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Technology Implementation: Do You Have the Skills?

From the Trenches

From the August 2010 Issue

Technology is getting more complex to select, install and maintain, and the
skills required to do so properly are becoming greater. Even very small networks
take refined skill to install properly. When your servers, desktop computers
or laptops are not set up properly, your productivity is reduced. In many cases,
you may not even know that your setup or configuration is wrong. We find users
who believe that since the technology has always worked a certain way, that
is how it is supposed to work. Let’s look at technology deployment and
how this changes the skills needed by your organization.


1) Standalone computers,

2) Peer to peer networks,

3) Traditional networks with one or more servers,

4) Networks with most or all servers virtualized,

5) Software as a Service (SaaS) or Cloud Computing in use, and

6) Hosted applications in a data center, not to mention smartphone support
and installation.

The skill set to maintain each of these scenarios varies widely from highly
technical to almost completely non-technical. One of the most important decisions
you can make this year is how you decide to install your technology. Hosted
applications and/or cloud computing have become price competitive with in-house
strategies. Simple virtualization of servers is less expensive than installing
traditional networks. Complex or high availability virtualization is more expensive
than traditional networks because of the cost of the sophisticated Storage Area
Network (SAN) technology.

For some organizations, it is less expensive to host a server in a data center
than it is to buy the server(s) and SAN technology. Hosting in the cloud takes
different IT skills whether you are using in-house IT people or outsourced IT
providers. Hosted or cloud computing can result in less total cost of ownership
than traditional or virtualized servers in-house in addition to be more readily
available from remote locations.


1) Incompetent,

2) Inept, but believe themselves to be competent,

3) Incompetent, and convince others they are competent,

4) Competent, and convince others around them they are an expert,

5) Competent, and a poor communicator, so they rarely accomplish the right
task correctly,

6) Competent, but stuck in doing things the way they know how,

7) Competent, progressive and communicative…the best of all worlds,

8) Uncontrolled…will take unnecessary risks without thinking through
the situation.

These descriptions can apply to both in-house IT or outsourced IT people, in
addition to being a generic description of many people’s performance in
their jobs. A workable solution in today’s market may be to outsource
all of your IT needs to managed IT providers who specialize in maintaining your
network. Establishing your needs and explaining your expectations are key to
these relationships working properly. Outsourced IT can often be less expensive
than maintaining internal IT people. You will typically need at least 25 users
before you can justify a single IT person on staff.

Surely not all possibilities of installing applications or the skills of IT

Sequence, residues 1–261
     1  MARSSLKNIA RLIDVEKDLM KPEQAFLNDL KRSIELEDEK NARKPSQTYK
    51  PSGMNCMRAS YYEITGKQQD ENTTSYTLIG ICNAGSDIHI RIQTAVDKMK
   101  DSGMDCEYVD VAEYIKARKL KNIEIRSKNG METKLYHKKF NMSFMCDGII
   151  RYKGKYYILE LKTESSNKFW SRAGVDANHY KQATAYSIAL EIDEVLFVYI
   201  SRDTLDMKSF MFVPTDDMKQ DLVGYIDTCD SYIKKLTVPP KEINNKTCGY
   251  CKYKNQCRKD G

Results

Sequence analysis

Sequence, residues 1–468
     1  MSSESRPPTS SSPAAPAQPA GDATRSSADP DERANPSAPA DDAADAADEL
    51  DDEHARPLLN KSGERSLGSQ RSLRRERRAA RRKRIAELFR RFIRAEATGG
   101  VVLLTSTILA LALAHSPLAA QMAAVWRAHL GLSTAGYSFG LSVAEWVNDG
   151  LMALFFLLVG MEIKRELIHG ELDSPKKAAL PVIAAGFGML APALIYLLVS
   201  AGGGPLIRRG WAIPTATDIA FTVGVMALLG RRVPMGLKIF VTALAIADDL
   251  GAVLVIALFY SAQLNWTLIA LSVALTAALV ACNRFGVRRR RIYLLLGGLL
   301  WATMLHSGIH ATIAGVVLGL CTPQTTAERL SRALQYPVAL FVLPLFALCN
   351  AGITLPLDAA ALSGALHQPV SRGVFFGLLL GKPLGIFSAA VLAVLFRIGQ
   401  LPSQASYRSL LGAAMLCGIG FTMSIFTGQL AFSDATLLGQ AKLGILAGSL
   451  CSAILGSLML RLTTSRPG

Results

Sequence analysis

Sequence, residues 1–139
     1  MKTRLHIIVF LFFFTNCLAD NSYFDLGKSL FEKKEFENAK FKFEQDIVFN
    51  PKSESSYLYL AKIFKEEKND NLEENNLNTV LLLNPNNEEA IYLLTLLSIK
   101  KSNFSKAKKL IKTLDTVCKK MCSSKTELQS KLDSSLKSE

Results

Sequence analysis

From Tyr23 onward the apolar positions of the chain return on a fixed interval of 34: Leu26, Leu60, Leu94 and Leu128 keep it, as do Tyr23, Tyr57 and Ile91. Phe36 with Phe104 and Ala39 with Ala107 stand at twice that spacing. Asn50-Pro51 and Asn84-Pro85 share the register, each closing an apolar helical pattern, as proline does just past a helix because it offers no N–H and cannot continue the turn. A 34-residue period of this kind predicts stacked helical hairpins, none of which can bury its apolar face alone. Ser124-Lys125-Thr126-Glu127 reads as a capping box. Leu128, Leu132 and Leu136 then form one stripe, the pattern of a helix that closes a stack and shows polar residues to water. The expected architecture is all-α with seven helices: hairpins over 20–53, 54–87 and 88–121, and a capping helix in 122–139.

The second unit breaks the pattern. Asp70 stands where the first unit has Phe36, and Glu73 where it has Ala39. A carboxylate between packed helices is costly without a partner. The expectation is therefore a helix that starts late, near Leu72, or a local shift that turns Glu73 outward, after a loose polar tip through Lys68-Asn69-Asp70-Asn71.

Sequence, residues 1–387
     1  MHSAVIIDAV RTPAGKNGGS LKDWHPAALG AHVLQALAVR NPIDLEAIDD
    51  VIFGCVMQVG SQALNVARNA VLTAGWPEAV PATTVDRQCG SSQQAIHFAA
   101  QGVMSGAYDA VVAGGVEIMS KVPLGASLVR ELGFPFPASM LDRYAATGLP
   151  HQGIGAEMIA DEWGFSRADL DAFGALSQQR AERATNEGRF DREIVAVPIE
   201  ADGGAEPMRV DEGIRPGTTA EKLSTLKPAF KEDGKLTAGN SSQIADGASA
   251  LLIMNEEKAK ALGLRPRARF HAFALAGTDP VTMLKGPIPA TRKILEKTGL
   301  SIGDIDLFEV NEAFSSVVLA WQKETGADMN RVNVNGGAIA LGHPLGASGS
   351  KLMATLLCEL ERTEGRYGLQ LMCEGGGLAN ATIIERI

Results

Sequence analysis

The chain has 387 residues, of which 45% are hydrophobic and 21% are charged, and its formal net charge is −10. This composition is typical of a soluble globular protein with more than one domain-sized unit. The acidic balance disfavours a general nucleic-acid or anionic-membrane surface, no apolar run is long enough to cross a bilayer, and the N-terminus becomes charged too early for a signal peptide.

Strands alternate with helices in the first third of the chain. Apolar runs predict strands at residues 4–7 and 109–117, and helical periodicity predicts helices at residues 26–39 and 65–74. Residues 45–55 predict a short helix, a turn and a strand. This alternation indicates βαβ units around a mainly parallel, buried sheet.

personnel have been named above. You can see from each of the lists that there
are a number of scenarios that can play out that would wind up producing a bad
result for your organization. The more complex your technology, the greater
skill set you need to complete your IT work. Unlike accounting skills, it is
very hard to judge how competent IT people are at completing the work. Computing
installation is part science and part art. There are 10+ right ways to do things,
but there are hundreds of wrong ways to implement technology.

Until the arrival of affordable and effective SaaS applications and hosted
computing, technology implementations had been getting more and more complex.
Web-enabled applications or an outsourced IT vendor who can carry the entire
load of implementation can reduce the amount of effort required by your own
in-house IT or your own outsourced IT people. The skills needed by IT for implementing
technology in this new generation include project management, communication
skills, budgeting skills and an understanding of how technologies fit together.

IT teams who have spent years honing their skills for PC repair and server
maintenance are beginning to find those skills in less demand. Skills like firewall
configuration and communication line configurations, security and directory
management, and database and report writing skills are needed by many firms
to be competitive and to be strategic. If IT is not strategic, then there is
a business case to outsource more IT costs and functions. If IT is strategic,
then the projects that have the greatest ROI should be chosen first, and outsourced
IT used to implement technologies where your internal IT team is not capable
or experienced.

For many of you, your organization is small enough that you are the IT person.
You will have the greatest tendency to trade your time for dollars that you
would have spent on a technician. Worse, in complex situations, your setup may
never be right. If you are the only IT resource, you should manage primarily
from project budgets, and you should do your best to know when to bring in outside
expertise. What type of technician would you be from the list above? One thing
is for sure, you will be a highly compensated technician, and you’re probably
better off practicing accounting rather than technology by contracting for IT
project implementation and IT managed services.

See inside August 2010

Are Your Clients In Touch With Their Inventory? Identifying Opportunities for Cost Savings

Column: Real Clients, Real Stories


Expect More from Your Practice Management System

Column: My Perspective